BETHESDA, Md – The most significant changes to the 2017 National Electrical Code® (NEC) were presented during the 2017 National Electrical Contractors Association (NECA) Convention & Trade Show, Oct 7-10 in Seattle with the largest live industry audience in years.
As the most widely recognized electrical standard in the industry, the NEC is updated every three years to reflect the newest technologies and installation rules with hundreds of changes.
“Electrical installations, both in new construction and renovations are subject to compliance with NEC requirements,” said co-presenter Michael Johnston, NECA executive director standards and chair of the NEC Correlating Committee.
“Electrical contractors need to know the latest NEC revisions to attain compliance with safety installation rules that apply to the latest technologies and methods,” he said.
Johnston presented “Significant Changes to the 2017 NEC” with James Dollard, safety coordinator for the Philadelphia Electrical JATC and a master OSHA 500 instructor. The highly interactive session included detailed insights into new articles and revisions that contractors and installers alike must understand and apply in their daily operations.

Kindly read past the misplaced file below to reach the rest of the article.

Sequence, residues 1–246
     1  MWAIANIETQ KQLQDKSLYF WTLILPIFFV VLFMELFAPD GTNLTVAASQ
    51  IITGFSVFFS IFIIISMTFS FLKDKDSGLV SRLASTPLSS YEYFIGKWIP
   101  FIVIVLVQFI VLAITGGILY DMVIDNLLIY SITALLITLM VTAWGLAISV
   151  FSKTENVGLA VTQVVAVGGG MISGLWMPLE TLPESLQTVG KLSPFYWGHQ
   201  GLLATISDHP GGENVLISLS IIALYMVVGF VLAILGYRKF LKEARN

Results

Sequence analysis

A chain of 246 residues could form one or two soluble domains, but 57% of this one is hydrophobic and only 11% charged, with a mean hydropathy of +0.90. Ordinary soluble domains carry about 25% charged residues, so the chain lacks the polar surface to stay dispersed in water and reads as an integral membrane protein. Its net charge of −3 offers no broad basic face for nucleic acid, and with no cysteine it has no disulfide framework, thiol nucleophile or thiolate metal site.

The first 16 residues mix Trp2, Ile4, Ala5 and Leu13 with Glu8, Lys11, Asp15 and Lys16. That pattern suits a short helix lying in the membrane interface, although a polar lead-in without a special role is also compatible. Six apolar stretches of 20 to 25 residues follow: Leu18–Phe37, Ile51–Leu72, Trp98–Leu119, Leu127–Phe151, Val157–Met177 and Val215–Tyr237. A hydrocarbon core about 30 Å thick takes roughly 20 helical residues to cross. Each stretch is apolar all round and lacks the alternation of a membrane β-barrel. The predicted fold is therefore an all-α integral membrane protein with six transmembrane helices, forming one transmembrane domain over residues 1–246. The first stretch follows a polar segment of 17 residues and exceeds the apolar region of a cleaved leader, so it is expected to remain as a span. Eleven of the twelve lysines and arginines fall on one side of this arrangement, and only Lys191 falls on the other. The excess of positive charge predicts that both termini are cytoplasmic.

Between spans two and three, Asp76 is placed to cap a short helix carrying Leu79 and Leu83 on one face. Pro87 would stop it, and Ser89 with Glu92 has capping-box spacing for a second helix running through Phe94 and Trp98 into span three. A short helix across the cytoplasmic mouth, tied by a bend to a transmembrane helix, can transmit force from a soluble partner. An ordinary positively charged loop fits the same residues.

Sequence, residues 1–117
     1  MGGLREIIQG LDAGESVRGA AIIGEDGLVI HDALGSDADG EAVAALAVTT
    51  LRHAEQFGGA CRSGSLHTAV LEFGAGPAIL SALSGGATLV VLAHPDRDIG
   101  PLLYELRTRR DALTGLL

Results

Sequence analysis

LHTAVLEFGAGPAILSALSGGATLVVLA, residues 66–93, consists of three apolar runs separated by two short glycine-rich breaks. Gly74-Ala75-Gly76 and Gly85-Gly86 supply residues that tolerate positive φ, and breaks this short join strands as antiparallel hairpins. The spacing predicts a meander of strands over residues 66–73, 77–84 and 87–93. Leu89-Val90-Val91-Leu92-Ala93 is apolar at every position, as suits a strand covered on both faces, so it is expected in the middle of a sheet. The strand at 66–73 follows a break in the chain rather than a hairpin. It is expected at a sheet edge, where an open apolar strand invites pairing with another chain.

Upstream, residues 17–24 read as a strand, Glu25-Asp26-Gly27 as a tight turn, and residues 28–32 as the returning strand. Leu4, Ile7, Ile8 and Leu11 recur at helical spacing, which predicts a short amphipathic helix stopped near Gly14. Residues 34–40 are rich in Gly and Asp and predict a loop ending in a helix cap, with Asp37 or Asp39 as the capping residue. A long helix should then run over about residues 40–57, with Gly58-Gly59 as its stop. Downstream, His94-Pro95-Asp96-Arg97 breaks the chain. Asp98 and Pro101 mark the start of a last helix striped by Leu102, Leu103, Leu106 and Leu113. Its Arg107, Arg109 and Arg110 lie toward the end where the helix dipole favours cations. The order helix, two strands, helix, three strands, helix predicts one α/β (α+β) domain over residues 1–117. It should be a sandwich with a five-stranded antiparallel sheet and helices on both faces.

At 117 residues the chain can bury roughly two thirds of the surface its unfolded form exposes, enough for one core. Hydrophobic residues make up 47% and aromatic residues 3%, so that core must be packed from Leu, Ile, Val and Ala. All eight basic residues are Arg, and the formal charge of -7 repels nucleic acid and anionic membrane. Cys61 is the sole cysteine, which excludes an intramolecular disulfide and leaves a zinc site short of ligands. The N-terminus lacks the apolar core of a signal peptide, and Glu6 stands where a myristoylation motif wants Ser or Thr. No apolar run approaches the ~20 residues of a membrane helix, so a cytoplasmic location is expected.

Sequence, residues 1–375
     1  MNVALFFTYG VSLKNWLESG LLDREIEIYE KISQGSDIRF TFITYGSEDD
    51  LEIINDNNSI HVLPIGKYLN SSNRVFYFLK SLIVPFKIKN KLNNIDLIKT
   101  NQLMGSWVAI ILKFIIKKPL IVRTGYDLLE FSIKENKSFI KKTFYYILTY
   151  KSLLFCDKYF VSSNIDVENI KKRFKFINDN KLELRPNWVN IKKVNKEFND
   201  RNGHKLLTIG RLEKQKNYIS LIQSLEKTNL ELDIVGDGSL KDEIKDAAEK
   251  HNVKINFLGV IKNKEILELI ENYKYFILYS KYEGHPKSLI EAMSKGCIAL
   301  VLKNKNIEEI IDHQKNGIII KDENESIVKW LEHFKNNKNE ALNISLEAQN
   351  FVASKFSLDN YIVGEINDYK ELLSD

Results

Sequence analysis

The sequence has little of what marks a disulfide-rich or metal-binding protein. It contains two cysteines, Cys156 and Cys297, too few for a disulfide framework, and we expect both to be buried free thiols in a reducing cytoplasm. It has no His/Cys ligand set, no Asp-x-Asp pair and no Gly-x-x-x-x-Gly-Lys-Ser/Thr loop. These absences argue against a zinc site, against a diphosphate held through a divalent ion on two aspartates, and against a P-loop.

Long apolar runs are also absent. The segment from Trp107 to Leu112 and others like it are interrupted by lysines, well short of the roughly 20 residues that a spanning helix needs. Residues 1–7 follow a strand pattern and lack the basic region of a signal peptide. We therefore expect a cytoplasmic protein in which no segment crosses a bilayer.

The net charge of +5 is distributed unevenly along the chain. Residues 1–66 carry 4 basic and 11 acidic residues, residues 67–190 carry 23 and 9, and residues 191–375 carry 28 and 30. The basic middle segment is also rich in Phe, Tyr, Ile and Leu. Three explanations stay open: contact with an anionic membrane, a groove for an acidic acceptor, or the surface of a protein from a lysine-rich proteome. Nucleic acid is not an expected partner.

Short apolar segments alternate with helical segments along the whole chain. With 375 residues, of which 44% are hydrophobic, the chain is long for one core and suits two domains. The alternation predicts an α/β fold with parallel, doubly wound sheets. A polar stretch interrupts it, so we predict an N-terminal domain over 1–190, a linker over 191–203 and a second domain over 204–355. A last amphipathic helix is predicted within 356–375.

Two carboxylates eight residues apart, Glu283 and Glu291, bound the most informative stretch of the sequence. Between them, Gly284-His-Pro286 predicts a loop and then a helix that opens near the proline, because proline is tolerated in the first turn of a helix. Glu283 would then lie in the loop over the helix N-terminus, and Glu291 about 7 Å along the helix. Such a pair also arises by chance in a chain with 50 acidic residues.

In addition to many typical revisions to the NEC installation general rules, Johnston and Dollard reviewed the new detailed requirements for arc-flash warning labels for service equipment. They also delved into the new articles dealing with energy storage systems, large scale photovoltaic (PV) power production sources and DC microgrids. Although requirements for rapid shutdown features for solar photovoltaic systems installed on buildings will provide contractors with additional challenges, the NEC has become much more restrictive in this area.
As jurisdictions adopt and enforce each new edition of the NEC, Johnston said that is very important that electrical contractors and electrical workers are in tune to the latest minimum safety rules.
The presentation was based on the presenters’ co-authored textbook, “Significant Changes to the 2017 NEC.” The Electrical Training ALLIANCE (NJATC) holds the copyright for the publication available online through multiple vendors.